Retro Let's Play: "Monster World IV" (1994)

Discussion in 'Retro & Arcade' started by Grant, Jun 1, 2019.

  1. Grant

    Grant Member

    Joined:
    Jan 23, 2002
    Messages:
    1,313
    Location:
    Wollongong
    Community Retro Let's Play for early June 2019.

    [​IMG]
    [​IMG]

    Wikipedia: https://en.wikipedia.org/wiki/Monster_World_IV
    HG101: http://www.hardcoregaming101.net/monster-world-iv/

    The Wonder Boy/Monster World series have been revived in the last couple of years with two excellent modern indie titles released for PC OSes and console platforms:
    • Wonder Boy: The Dragon's Trap is a remake of the Sega Master System tile Wonder Boy 3: The Dragon's Trap, recreating the gameplay and mechanics with pixel-perfect accuracy, but adding new graphics, audio, and optional additions to the gameplay.
    • Monster Boy and the Cursed Kingdom is more of a sequel, an all-new entry maintaining the style and world elements of the previous games.
    Both are excellent games, highly recommended for new and experienced WB/MW fans alike.

    The various games bearing the names "Wonder Boy" and "Monster World" have various numbers associated with them, it's best not to think too hard about these numbers as some were plain mistakes made during localisation, and defining what games fit in what series and in what order can get confusing very quickly. The best explanation for the modern interpretation of numbers that I've found is here, which uses a citation from the SEGA AGES 2500 collection describing The Dragon's Trap as a "Monster World gaiden", or "side-story", rather than it having its own number in the series.

    Anyway, the two series contain games that can be roughly divided into "action" (scrolling arcade action), and "action-adventure" (adding inventory, character progression and exploration elements shared with metroidvanias). The three action-adventure games available to English-speaking markets on Sega consoles were:
    • Wonder Boy in Monster Land (this originated as an arcade title, but the Sega Master System version was the only official English port).
    • Wonder Boy 3: The Dragon's Trap (SMS/Game Gear).
    • Wonder Boy in Monster World (Sega Mega Drive/Genesis).
    The "Sega consoles" bit is notable because all of these games were reskinned and ported to different consoles in various markets. Greg Sewart did a pretty good dive into it in his review of WB3: Monster Lair:

    Anyway after all of this, one more game was made for the Mega Drive which never made it to English-speaking markets during the 16-bit era: Monster World IV.

    Dropping the "Wonder Boy" side of the dual series made way for a female protagonist, Asha, with her sidekick Pepelogoo. The game features some new mechanics over the previous entries in the series, and apparently dials back on some of the RPG elements to focus a little more on platforming action, but apart from that I'm going in fairly blind to this game, having never played it before. I've played through "Monster Boy and the Cursed Kingdom" though, which lovingly references all of the games that came before it, so beyond the existence of Pepelogoo I expect to see some "reverse references" playing through this.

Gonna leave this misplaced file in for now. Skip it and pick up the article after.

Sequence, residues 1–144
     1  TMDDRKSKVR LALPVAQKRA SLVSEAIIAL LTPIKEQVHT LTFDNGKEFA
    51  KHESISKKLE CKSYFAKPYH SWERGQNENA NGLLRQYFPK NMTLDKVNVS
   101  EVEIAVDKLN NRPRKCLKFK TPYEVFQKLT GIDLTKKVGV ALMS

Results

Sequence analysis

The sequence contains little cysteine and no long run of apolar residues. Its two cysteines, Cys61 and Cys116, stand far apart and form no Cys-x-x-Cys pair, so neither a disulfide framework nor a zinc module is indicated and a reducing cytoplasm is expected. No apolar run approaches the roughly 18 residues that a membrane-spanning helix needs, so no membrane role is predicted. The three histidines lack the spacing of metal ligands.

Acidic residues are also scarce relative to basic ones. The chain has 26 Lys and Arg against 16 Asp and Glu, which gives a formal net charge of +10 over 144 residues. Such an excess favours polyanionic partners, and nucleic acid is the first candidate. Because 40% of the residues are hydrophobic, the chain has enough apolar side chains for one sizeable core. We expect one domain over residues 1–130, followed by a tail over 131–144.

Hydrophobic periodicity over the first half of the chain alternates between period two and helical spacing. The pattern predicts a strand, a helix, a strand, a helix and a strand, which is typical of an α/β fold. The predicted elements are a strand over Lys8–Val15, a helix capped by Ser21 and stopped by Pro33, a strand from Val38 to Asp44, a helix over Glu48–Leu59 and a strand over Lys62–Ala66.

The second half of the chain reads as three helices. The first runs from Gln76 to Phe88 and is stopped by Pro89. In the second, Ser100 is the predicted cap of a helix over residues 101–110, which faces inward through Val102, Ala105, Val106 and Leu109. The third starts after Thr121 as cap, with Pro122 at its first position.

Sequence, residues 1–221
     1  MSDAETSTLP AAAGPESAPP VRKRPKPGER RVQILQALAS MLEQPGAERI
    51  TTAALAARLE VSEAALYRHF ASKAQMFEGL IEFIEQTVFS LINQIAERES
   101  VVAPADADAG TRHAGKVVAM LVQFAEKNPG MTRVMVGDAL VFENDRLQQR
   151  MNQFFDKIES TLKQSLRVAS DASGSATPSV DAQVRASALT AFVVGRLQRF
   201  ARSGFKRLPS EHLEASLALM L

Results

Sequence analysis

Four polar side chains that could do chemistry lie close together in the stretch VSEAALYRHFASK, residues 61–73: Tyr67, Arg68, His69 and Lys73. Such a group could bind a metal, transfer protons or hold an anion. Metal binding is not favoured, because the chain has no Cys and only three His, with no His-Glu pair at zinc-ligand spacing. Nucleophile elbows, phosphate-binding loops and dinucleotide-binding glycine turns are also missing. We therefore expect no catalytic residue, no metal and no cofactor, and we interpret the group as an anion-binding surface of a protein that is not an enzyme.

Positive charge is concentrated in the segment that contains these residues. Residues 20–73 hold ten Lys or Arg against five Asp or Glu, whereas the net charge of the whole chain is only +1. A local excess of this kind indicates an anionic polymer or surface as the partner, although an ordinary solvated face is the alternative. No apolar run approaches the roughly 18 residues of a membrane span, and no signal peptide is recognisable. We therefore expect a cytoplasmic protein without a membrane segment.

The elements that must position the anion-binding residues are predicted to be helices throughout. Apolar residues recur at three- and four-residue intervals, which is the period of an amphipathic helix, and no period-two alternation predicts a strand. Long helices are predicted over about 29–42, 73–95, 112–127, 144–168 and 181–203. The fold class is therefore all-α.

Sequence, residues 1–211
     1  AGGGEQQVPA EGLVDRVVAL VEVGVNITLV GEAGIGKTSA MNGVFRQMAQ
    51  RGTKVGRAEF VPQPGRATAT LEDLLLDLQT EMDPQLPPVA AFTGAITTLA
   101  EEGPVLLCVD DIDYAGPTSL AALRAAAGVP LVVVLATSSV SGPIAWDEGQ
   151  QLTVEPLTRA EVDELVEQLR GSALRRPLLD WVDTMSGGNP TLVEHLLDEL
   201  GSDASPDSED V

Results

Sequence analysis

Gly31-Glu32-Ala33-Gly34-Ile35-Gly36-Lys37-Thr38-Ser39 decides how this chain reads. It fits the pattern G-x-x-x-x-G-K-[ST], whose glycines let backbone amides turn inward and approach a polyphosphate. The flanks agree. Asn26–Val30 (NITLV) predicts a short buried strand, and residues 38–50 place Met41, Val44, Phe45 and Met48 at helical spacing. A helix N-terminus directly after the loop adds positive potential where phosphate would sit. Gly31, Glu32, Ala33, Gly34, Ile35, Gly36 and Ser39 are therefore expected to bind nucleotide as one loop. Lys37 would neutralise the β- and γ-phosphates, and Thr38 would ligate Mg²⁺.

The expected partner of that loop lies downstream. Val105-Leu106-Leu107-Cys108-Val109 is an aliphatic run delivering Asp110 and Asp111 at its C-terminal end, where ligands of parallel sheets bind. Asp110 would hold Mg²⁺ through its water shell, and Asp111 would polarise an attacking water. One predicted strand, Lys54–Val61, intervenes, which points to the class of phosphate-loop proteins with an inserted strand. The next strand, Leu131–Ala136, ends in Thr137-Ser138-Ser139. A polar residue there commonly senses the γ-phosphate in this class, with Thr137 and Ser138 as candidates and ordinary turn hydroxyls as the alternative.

Versions of the game
    Currently for sale, your options are Playstation 3 and Xbox 360/Xbox One digital downloads:
    https://store.playstation.com/en-us/product/UP0177-NPUB30324_00-MNSTRWRLD4PSNUS1
    https://www.microsoft.com/en-au/p/s...orld/brl4twknvt82?activetab=pivot:overviewtab

    This version was also available on the Wii, but the Shop Channel is now closed. SEGA AGES titles are making their way to the Switch though, so hopefully the Monster World series will be available again soon.

    The Sega Mega Drive Mini will include the game, and is scheduled for worldwide release on September 19 2019.

    All previous versions were released in Japanese language only:

    SEGA AGES Vol. 29 for the Playstation 2: https://en.wikipedia.org/wiki/Sega_Ages#Sega_Ages_2500_(PlayStation_2)

    And the original Mega Drive version, which is playable at the Internet Archive:
    https://archive.org/details/sg_Monster_World_IV_1994_Sega_JP

    It also appears to be in an Internet Archive collection of Mega Drive ROM dumps, if you need an implicitly legal way of getting the original version to patch with a translation.
    https://archive.org/details/SegaGenesisCollection

    But as usual, be sure to get legal advice before clicking on any links on the Web.

    Fan translations
    The Mega Drive version was fan-translated twice, as far as I can tell. The first time was by "demiforce" (this name appears in some pre-patched versions of the game I've seen referenced in ROM collection databases), and demi's translation was used as the basis for an improved translation patch by Di Somma Michele:
    https://www.romhacking.net/translations/1276/

    If you need any help getting the Mega Drive version or applying a translation patch, send me a PM and I'll be able to help.

    Playing the Mega Drive version
    As usual, elvis has you covered with an excellent overview of the Mega Drive and its current retro options: https://forums.overclockers.com.au/threads/retro-faq-sega-megadrive-sega-genesis.1255735/

    Emulation is the easiest option for most people, and the tl;dr there is any emulator setup with RetroArch (eg. RetroPie) should have PicoDrive and Gens Plus, which both do a decent job (PicoDrive has higher performance but reduced accuracy). If you're on a modern PC with a fast CPU, use BlastEm as a standalone emulator. I haven't tried a range of emulators with this game so if there's any feedback about accuracy please post here.

    If you want to run the game on a CRT TV, the cheapest way is via emulation with a Wii or PS3, or a MiSTER with analogue output if you have one. The next level of authenticity is a real Mega Drive with the patched ROM image on a flash cartridge.
     
    Last edited: Jun 5, 2019
    MrMaestro, Agg, Vanne and 2 others like this.